I’ve always said that I prefer a crazy comic to a boring one, but Terror is certainly testing this assertion. It’s certainly not good.
Frankly, I skimmed the thing. I’ve gonna make piecemeal observations but I’m not gonna read every word this jerk wrote, and if a scene is confusing I’m moving on. I hate this, I owe like half of whatever talent I may have to the fact that I obsessively reread Ronin and Dark Knight Returns as a kid. The little tiny panels, the minimalism, the splashes of black, the pacing: God, Frank Miller’s books TAUGHT you how to be a cartoonist. I really hate this.
The good stuff in this book comes in moments. The terrorists blowing up the Statue of Liberty was dumb (and why does a xenophobic idiot like Miller care about a French statue, anyway), but it was visually astonishing. Big black planes, and the statue was all robes. Very cool.
When a terrorist is killed, he says “
aargh” and I’ve never seen strike-thru text as a way to show someone dying. That’s like Dave Sim-level word balloon brilliance right there. So at least I found something to steal ;).
The dumb stuff overwhelms the good stuff. I’m all for splattery artwork, but Miller overdoes it. There are almost no backgrounds except for the very beginning and the very end. If this had been combined with his usual crisp, clean artwork, that could give the whole thing a surreal feel, but all the splattered whiteout just reminds us that there’s nothing underneath the surface.
All the macho language really makes me understand why Grant Morrison told Frank to just join the army already. The Fixer (Batman without ears) talks like John Cena. I’m serious. Like if John Cena was kicking an Arab guy around the ring and saying “You like that, Mohammed?” and a bunch of kids in Tapout shirts were cheering that would be a lot like this comic.
I went into this comic knowing what it was gonna be, and I judge things by their own merits. I’ve written before about how much I like Doug Tennapel, and that guy isn’t exactly a progressive thinker. Holy Terror is supposed to be an offensive slap to the face of liberals who oppose the wars in Iraq and Afghanistan, and that’s fine. Comics are there to express things, and that is one possible thing that a person could choose to express. But it fails, even by its own standards.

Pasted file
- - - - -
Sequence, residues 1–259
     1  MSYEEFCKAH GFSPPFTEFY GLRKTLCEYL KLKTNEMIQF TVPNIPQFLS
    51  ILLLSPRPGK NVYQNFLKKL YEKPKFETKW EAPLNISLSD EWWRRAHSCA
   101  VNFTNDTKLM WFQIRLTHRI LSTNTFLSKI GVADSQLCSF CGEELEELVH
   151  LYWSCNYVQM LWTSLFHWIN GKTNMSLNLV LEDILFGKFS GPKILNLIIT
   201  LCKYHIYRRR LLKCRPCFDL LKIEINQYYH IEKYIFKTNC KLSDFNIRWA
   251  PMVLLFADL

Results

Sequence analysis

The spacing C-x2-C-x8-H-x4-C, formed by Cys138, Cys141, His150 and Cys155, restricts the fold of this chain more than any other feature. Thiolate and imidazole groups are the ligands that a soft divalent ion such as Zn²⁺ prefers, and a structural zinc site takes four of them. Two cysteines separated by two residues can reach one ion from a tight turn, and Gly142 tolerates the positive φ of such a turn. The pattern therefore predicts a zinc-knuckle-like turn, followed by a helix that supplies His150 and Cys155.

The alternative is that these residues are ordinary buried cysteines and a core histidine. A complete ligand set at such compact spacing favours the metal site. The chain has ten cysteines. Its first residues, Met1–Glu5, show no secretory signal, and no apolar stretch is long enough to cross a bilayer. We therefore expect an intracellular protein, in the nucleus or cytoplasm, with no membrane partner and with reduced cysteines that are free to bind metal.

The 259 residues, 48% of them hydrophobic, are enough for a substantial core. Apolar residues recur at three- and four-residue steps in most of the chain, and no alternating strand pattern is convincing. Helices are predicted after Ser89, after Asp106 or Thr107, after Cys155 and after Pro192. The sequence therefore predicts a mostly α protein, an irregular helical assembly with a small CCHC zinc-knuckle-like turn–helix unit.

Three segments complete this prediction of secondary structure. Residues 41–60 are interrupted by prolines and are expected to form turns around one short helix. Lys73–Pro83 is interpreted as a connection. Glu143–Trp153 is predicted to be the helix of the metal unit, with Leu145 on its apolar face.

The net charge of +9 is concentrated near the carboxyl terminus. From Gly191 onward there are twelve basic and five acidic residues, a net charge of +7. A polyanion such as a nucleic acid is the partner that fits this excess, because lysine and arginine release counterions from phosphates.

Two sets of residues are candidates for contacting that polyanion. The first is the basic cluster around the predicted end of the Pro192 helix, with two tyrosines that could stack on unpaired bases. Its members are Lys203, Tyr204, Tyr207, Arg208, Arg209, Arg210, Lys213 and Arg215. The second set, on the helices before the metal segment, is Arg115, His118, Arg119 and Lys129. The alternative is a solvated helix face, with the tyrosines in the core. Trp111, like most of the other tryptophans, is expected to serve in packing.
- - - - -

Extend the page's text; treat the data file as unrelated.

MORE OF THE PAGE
Look, here’s how you draw THAT comic. First of all, show how the terrorists think about what they’re doing. Alan Moore gave his fascist villain a really scary little monologue in V for Vendetta, and in doing so made him more than a cardboard cutout (the guy still got killed real good, though). Dinesh D’souza’s What’s So Great About America gives a Republican-friendly description of terrorist motivations. COPY AND PASTE HIS ARGUMENTS!! Secondly, the heroes have to show a little vulnerability. Look at a Mel Gibson movie. He always wants to be a pacifist, and then bad stuff happens, and by the time he becomes a killing machine you’re rooting for him. The Fixer seems like he was born hating Arabs, probably because they don’t like hot dogs or baseball.
The book finally goes crazy enough to be interesting in the last ten pages or so. Al Qaeda’s hideout is a tech-savvy underground lair with pink floors that reminded me a little of the birdmens’ cave from the old 1940’s Superman cartoons. The Fixer kills the last of the terrorists with a horrible disease bomb “that was meant for us”, and the villain’s vicious and prolonged death scene is a guilty pleasure, hateful and satisfying. And as other reviewers have said, the last page is AMAZING (and effective).
I recommend that you do what I did. Go into a bookstore and skim it. Look at the kool artwork and ignore most of the dialogue. Just make sure that you read the ending. It’s the only time Miller’s story becomes the scary and challenging right-wing fantasy that he thinks it is. The rest of the time it’s a Dolph Lundgren movie, splattered with way too much whiteout.